POINT I

DEFENDANT HAS SUBMITTED PRIMA FACIE EVIDENCE REQUIRING HE BE GRANTED AN EVIDENTIARY HEARING ON POST CONVICTION RELIEF

POINT II

DEFENDANT WAS DENIED EFFECTIVE ASSISTANCE OF COUNSEL ENTITLING HIM TO POST CONVICTION RELIEF

(a) Failure to Retain a Psychiatrist; Mental Capacity

(b) Counsel was ineffective for failing to make any meaningful challenge to the Miranda hearing

(c) Counsel was ineffective for failing to make any meaningful challenge to the witness identification prior to advising Defendant to plead guilty

II.

In order to prevail on a claim of ineffective assistance of counsel, as guaranteed by the Sixth Amendment to the United States Constitution, a defendant must satisfy the test established in Strickland v. Washington, 466 U.S. 668, 104 S. Ct. 2052, 80 L. Ed. 2d 674 (1984). In State v. Fritz, 105 N.J. 42, 58 (1987), our Supreme Court adopted this test for consideration of claims of ineffective assistance of counsel raised under the New Jersey Constitution.

A defendant first must establish that his attorney's performance was deficient. Strickland, supra, 466 U.S. at 687, 104 S. Ct. at 2064, 80 L. Ed. 2d at 693. To do so, the defendant must show that his attorney's handling of the case "fell below an objective standard of reasonableness." Id. at 688, 104 S. Ct. at 2064, 80 L. Ed. 2d at 693. Second, a defendant must establish that his attorney's deficient performance prejudiced his defense. Id. at 687, 104 S. Ct. at 2064, 80 L. Ed. 2d at 693. To meet this part of the test, "[a] defendant must show that there is a reasonable probability that, but for counsel's unprofessional errors, the result of the proceeding would have been different." Id. at 694, 104 S. Ct. at 2068, 80 L. Ed. 2d at 698.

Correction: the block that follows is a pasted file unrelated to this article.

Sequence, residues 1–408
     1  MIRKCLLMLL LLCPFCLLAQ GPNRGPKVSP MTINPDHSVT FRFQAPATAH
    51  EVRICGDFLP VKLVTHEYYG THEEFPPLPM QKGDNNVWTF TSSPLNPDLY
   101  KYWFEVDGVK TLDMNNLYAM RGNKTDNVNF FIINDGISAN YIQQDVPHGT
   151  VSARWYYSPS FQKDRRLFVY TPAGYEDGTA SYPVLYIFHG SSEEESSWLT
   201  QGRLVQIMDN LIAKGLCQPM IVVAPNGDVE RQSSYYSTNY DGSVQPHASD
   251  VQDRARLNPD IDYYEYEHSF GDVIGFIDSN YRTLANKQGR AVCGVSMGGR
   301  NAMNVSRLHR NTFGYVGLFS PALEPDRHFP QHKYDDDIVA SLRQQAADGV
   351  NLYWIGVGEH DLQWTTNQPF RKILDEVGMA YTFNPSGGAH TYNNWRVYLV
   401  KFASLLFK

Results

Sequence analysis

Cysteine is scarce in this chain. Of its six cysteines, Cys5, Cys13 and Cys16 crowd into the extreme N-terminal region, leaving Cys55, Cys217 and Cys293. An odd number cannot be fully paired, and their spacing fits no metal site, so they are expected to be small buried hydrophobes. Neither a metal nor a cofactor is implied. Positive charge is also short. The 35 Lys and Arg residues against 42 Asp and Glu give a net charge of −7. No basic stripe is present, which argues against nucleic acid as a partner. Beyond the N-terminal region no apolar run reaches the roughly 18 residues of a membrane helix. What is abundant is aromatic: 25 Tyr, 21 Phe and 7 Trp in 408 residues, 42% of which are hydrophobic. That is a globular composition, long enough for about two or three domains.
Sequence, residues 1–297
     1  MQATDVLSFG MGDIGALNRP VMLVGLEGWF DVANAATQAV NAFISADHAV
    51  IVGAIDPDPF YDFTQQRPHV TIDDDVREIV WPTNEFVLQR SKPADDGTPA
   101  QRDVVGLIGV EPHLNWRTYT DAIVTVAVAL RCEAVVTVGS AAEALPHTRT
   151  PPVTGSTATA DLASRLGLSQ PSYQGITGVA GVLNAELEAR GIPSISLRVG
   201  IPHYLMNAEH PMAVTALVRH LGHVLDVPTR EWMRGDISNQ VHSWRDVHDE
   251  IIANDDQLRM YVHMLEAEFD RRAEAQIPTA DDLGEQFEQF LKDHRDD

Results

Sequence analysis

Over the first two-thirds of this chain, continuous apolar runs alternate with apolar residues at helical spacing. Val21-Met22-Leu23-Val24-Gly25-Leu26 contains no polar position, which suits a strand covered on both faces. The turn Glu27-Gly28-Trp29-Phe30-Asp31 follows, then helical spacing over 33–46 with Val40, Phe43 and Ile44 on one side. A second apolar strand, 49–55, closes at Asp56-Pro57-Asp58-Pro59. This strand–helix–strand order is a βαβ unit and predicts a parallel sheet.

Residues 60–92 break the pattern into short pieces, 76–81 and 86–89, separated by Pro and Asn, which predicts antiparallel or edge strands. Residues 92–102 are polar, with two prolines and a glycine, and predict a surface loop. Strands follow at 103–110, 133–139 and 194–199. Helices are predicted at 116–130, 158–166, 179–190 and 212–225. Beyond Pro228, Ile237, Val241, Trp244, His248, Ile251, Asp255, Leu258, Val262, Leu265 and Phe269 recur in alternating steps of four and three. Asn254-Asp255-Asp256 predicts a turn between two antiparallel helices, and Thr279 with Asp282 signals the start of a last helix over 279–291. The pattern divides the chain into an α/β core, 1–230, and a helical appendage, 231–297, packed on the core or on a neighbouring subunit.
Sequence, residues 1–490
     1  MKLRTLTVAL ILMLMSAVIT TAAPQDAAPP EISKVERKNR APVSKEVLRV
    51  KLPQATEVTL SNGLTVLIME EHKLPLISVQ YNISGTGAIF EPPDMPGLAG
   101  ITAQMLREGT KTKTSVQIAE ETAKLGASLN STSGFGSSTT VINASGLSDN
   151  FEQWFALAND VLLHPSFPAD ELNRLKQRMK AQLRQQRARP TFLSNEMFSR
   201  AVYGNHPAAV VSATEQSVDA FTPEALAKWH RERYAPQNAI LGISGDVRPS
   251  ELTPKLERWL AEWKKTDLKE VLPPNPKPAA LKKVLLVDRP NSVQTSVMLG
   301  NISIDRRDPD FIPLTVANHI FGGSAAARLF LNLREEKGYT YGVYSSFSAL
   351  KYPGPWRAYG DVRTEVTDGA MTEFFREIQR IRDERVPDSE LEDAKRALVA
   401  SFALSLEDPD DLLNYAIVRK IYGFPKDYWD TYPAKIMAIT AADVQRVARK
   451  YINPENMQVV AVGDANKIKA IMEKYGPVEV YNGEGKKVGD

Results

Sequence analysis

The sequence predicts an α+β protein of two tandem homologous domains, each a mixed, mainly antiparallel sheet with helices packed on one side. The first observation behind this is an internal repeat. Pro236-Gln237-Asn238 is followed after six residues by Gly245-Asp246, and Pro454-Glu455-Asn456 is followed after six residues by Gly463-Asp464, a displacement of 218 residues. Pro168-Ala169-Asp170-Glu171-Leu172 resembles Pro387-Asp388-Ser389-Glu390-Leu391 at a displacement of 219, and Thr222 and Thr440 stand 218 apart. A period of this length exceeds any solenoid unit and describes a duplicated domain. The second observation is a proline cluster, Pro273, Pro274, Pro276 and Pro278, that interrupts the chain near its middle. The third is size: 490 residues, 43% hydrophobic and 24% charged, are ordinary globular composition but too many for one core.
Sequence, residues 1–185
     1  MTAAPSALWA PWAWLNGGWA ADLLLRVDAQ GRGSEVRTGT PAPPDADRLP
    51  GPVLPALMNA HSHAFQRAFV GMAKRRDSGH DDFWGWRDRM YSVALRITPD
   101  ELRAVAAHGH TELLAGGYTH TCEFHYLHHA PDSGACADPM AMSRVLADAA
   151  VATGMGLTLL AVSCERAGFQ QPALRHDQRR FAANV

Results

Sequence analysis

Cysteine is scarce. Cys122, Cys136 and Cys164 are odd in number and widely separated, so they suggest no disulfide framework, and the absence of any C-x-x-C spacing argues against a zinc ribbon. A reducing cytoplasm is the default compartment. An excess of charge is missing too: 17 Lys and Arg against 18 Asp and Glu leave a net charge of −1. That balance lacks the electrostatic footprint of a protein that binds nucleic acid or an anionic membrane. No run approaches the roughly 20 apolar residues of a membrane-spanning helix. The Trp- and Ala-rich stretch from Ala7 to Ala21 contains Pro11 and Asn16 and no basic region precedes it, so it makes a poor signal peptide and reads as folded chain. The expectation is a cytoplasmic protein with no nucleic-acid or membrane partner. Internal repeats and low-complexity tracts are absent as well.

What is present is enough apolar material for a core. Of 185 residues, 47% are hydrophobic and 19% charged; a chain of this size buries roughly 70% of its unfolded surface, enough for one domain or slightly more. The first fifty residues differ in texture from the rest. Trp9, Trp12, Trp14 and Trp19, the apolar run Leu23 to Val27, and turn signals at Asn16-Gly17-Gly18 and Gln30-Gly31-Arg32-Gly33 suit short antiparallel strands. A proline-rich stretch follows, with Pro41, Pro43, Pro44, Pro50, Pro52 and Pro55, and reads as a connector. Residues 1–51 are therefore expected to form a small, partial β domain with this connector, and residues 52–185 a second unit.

A. Failure to retain psychiatrist.

Defendant argues that his attorney was ineffective because counsel failed to retain a psychiatrist to consider his ability to enter a plea knowingly or voluntarily. Defendant contends that, at the time of the plea and sentence, he did not have the mental capacity to make an informed decision. He claims that counsel was aware of his limitations and should have retained an expert in psychiatry to "put forth" a claim of diminished capacity to make an informed decision or understand the consequence of his actions.

The PCR judge noted in his written decision that, although defendant had received an initial diagnostic impression of "borderline mental retardation" when he was eight years, eleven months old, he was assessed thereafter, in accord with N.J.A.C. 6A:14-3.8, to determine whether he remained a student "with a disability." The judge pointed out that a learning assessment from September 2003, when defendant was eighteen, seemed to call into question the validity of the earlier assessment. Among other things, the 2003 assessment noted that defendant has been functioning at the "upper end" of the low average range of "intellectual development."